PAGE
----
Appeal from the Order of the Unemployment Compensation Board of Review in case of In Re: Claim of John Coleman, No. B-162006.
John Stember, for appellant.
Charles G. Hasson, Assistant Attorney General, with him Richard Wagner, Assistant Attorney General, and Edward G. Biester, Jr., Attorney General, for appellee.
Judges Wilkinson, Jr., Rogers and Craig, sitting as a panel of three. Opinion by Judge Rogers.
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The appellant, John Coleman, was laid off from his employment under circumstances which qualified him
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to receive unemployment compensation benefits. About two weeks later, he returned to his employer's place of business to obtain his final paycheck and engaged in a heated argument with his employer's personnel manager, whom he assaulted. Coleman's conduct on this occasion was clearly willful misconduct under Section 402(e) of the Unemployment Compensation Law, Act of Dec. 5, 1936, Second Ex. Sess., P.L. (1937) 2897, as amended, 43 P.S. § 802(e). The Unemployment Compensation Board of Review declared Coleman ineligible for any compensation for willful misconduct by reason of the assault on the personnel manager. We reverse and remand.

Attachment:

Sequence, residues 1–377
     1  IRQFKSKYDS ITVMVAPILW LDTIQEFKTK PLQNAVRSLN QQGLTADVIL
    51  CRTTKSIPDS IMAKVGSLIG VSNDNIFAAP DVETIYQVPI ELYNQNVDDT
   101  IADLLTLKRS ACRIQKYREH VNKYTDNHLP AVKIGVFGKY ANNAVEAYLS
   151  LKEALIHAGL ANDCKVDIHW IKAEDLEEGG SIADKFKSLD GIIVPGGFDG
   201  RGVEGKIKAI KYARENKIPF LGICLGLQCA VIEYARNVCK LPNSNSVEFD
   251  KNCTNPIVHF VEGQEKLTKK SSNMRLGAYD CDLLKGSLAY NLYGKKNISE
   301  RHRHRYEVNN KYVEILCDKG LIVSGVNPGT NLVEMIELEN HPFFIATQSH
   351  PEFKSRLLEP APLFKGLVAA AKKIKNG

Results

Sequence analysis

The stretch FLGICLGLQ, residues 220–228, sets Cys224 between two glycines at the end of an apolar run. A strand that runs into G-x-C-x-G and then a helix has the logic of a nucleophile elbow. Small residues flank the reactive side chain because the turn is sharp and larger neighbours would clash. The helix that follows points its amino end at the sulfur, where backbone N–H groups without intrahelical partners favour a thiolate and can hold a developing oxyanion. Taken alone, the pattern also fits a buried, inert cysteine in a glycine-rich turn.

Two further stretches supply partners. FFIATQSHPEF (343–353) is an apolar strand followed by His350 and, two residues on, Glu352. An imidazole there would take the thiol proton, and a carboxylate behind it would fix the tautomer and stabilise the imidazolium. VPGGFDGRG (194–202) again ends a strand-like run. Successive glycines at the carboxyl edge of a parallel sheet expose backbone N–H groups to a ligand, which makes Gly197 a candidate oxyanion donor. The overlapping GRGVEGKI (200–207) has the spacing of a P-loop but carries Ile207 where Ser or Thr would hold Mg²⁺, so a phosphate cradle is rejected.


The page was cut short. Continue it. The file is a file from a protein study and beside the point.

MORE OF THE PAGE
Section 402(e) of the Law, 43 P.S. § 802(e), renders an employee ineligible for compensation for any week "in which his unemployment is due to his discharge . . . for willful misconduct. . . ." Prior to a time when Coleman would have been recalled from lay-off, his unemployment was due to having been laid off; it was, during this time, not due to his willful misconduct occurring after the lay-off. Campbell Unemployment Compensation Case, 175 Pa. Superior Ct. 592, 106 A.2d 687 (1954), is in point and dispositive. There the employee was laid off and later voluntarily quit on pension. The Superior Court held that he was entitled to compensation from the date he was laid off until the date the record showed he would have been recalled, although he had voluntarily quit before the recall date. Judge Woodside's cogent analysis of the issue in Campbell, supra, makes further discussion on our part unnecessary.
It is true, as stated in Coleman's brief, that the claimant adduced evidence consisting of his and a union steward's testimony that the lay-off might have continued during the whole period of Coleman's eligibility for compensation, and that the employer, which did not appear, of course adduced no evidence on the
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point. We nevertheless believe that we should, in reversing the Board of Review's order, remand the record for further evidentiary proceedings and a finding by the Board of Review as to the date upon which Coleman would have been recalled if he had not committed an act of ...